Dougie Hamilton

NHL Top 10: Who are the league's best defensemen right now?

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USA TODAY Sports photo

NHL Top 10: Who are the league's best defensemen right now?

Being an NHL defenseman is not an easy task. There are the obvious responsibilities at the defensive end where these players must block shots, win battles, break pucks out cleanly and efficiently and keep the puck out of their net at all costs. 

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Then there are the requirements for the truly special D-man that also impacts the game at the offensive end. That's what separates John Carlson, Roman Josi and Alex Pietrangelo from the run-of-the-mill NHL defensemen. The top four or five names on this list should be the names you see on the Norris Trophy ballots as they check off just about every box and that makes them the league's best defensemen right now.

NHL Positional Rankings: Ranking the league's top 10 defensemen

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NBC Sports Boston Illustration

NHL Positional Rankings: Ranking the league's top 10 defensemen

Look at the NHL's top five scorers this season and you'll see that it includes two pairs of teammates — Edmonton's Leon Draisaitl and Connor McDavid, along with the Bruins' Brad Marchand and David Pastrnak.

All of those players are also forwards, but the player occupying the No. 5 spot is a defenseman: Washington's John Carlson.

The Massachusetts native has racked up 36 points so far this season, and he's already more than halfway to last year's career-high total of 70.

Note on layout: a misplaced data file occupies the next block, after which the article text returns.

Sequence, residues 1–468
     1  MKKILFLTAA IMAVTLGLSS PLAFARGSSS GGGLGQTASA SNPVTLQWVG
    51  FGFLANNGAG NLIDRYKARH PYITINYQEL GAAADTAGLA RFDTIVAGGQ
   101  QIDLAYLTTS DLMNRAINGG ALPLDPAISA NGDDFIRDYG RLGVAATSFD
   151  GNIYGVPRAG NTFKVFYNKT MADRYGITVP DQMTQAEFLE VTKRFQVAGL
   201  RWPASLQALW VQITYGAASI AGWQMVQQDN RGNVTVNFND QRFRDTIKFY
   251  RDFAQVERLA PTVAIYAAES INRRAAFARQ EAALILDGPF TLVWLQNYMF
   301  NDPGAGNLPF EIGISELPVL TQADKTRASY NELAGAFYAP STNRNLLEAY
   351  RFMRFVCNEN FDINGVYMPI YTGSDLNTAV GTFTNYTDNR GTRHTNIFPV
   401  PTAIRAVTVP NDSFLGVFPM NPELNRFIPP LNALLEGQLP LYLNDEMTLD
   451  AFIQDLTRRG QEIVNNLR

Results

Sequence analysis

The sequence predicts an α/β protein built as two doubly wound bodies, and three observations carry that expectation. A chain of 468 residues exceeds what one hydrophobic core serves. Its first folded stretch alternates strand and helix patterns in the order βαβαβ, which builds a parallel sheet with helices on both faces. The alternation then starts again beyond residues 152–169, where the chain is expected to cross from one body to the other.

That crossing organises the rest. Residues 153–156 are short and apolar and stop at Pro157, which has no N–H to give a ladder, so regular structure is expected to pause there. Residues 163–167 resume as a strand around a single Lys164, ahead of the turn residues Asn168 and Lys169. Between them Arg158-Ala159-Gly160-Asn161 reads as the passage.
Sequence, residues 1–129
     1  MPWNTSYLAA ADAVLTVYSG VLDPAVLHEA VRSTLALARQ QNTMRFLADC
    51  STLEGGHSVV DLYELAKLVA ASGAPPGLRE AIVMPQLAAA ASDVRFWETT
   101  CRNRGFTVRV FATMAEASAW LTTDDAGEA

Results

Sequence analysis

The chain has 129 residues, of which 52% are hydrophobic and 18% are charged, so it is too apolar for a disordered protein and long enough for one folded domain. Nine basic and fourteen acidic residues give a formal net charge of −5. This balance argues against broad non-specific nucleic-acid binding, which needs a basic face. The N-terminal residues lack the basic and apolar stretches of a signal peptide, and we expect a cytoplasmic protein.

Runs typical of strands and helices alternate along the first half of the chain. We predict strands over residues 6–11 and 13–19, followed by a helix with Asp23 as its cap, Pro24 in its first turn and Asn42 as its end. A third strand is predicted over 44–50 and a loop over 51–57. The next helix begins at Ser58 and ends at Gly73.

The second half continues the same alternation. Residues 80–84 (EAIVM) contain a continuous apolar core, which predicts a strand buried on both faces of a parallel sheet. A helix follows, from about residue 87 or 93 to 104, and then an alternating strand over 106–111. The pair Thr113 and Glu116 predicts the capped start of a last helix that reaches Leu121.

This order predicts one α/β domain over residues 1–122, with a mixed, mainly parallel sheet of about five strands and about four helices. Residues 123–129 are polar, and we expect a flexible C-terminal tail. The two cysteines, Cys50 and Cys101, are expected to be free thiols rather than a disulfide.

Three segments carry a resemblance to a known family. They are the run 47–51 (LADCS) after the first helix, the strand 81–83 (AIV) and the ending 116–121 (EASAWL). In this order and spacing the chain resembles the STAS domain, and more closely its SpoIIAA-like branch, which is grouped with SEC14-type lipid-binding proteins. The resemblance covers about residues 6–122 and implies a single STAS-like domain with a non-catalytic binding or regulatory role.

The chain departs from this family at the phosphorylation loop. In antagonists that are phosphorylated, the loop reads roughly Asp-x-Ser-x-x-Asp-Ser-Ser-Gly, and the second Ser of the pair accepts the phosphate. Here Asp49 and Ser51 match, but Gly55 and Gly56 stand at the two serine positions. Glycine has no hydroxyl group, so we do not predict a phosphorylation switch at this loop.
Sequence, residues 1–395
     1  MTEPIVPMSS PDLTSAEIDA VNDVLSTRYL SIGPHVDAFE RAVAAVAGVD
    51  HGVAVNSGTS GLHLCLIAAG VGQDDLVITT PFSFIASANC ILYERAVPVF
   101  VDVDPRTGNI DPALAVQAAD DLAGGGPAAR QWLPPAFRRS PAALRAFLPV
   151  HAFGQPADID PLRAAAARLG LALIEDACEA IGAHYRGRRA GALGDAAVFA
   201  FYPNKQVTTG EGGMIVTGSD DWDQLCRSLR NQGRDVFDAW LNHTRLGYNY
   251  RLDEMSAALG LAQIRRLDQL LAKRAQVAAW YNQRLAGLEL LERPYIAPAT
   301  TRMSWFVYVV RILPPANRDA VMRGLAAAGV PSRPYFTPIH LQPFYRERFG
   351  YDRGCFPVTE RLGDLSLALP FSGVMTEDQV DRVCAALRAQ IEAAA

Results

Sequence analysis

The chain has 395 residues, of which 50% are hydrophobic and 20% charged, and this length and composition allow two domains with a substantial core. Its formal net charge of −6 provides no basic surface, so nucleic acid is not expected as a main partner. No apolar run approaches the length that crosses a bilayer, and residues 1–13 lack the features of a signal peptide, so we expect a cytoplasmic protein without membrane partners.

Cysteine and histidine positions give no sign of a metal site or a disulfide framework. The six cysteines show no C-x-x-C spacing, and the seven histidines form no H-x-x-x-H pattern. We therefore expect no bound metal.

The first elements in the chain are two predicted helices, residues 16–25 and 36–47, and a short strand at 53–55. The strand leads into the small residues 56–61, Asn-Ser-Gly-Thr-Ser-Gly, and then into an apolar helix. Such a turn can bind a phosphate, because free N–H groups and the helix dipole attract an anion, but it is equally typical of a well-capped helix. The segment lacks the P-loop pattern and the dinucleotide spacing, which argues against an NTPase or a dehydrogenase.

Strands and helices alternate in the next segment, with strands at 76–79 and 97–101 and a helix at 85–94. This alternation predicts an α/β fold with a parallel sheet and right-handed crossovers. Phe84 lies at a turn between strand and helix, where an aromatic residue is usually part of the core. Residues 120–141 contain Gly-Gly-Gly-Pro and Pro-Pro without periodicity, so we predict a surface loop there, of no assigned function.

While the offensive numbers are eye-popping, do they add up to him being the top blueliner in the league?

Click here for Joe Haggerty's ranking of the Top 10 defensemen in the NHL right now.>>>>>

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Dougie Hamilton's heel turn has been pretty weak in Bruins series

Dougie Hamilton's heel turn has been pretty weak in Bruins series

BOSTON – It’s nothing short of amazing to see how former Bruins defenseman Dougie Hamilton has turned heel for the Carolina Hurricanes in their conference final series against Boston and is probably playing the role of the main Canes villain in the conference final.

Hamilton has at least turned wannabe heel anyway as he’s tried to whatever he can to bother the Bruins while failing spectacularly in a best-of-seven series where the Hurricanes have fallen down 2-0 with the games headed to North Carolina for Game 3 on Tuesday night.

First, it was Hamilton trying to get under the skin of Bruins captain Zdeno Chara, and in the process taking a couple of key penalties in the third period as the B’s scored a pair of power play goals to tie and then win Game 1. Then it was Hamilton again in Game 2 turning pucks over, fanning on shots and falling into the boards and then opting to take a massive cheap shot slamming Danton Heinen into the end boards long after the Bruins winger scored a goal on the rush.